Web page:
The system boasts the advantages of a buried and out-of-sight tunnel, along with a low-depth profile that plays well into existing system hydraulics and high water tables. The 80-ksi steel-reinforcing ribs with pressure-rated polyethylene resin provide a strong and durable pipe, exactly what the city sought. The ability to nest the varying-diameter SRPE pipe, coupled with the material’s lighter weight compared with traditional storage systems, also reduced the freight and installation costs.
F&K Construction Inc. of Flora, Ind., the selected contractor, installed the grid of 96-, 84- and 72-in.-diameter SRPE pipe. Because DuroMaxx SRPE is lightweight, installation was quick, which meant less expense and fewer dewatering issues.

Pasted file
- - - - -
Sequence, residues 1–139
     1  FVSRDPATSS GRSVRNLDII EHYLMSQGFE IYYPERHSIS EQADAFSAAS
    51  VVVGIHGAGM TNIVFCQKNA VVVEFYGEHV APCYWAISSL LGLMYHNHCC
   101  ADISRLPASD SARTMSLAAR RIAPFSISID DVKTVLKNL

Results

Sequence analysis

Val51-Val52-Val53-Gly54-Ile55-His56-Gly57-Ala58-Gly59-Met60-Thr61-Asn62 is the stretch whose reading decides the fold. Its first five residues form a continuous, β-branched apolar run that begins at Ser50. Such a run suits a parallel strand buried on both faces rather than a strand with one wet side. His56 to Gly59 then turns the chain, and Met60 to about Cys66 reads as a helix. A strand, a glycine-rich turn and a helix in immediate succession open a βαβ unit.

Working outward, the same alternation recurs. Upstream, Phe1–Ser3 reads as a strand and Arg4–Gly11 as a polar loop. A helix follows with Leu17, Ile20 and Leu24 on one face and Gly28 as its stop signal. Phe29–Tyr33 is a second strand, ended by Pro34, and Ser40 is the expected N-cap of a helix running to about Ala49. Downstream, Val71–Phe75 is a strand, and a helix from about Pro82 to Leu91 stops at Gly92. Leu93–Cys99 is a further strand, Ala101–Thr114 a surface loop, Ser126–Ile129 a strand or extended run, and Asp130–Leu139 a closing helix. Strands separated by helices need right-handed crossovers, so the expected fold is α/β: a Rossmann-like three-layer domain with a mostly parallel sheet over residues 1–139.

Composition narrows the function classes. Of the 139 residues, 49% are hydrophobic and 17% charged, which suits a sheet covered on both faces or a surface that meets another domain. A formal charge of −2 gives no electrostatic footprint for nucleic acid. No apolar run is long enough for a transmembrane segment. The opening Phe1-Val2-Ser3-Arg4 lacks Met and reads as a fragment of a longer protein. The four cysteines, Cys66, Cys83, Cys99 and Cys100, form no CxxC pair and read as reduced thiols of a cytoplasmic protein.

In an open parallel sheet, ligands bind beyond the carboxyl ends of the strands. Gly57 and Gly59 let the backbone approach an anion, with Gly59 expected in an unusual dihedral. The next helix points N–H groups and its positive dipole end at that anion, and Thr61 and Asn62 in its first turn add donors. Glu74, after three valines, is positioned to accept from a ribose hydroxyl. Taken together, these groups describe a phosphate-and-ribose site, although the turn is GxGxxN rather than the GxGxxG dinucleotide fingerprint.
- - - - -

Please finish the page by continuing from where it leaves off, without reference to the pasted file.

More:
“One thing we really like about the product is it is fast and easy to install, and doesn’t need a large machine to lift the large diameter pipe,” said Greg Kuns, owner of F&K Construction. “It goes together quickly, so it helped the progress of the job move along nicely.”
Due to the proximity to the Tippecanoe River and Lake Freeman, joints also were a concern. Electrofusion joints were used, because each joint can be individually vacuum tested, and they provide the water-tight protection needed. Additionally, because the DuroMaxx SRPE pipe has fewer joints to assemble on site, installation is faster.
Bearing a smaller footprint than alternative systems, the SRPE pipe offered easier constructability and room for future expansion. Storage for 395,000 gal was created during the Phase I configuration. In 2014, as part of Phase II of the project, the 96-in. manifold pipe is expected to be extended west approximately 25 ft, and two more leader pipes will be added to expand the system to the full 500,000 gal of storage volume indicated in the city’s long-term control plan.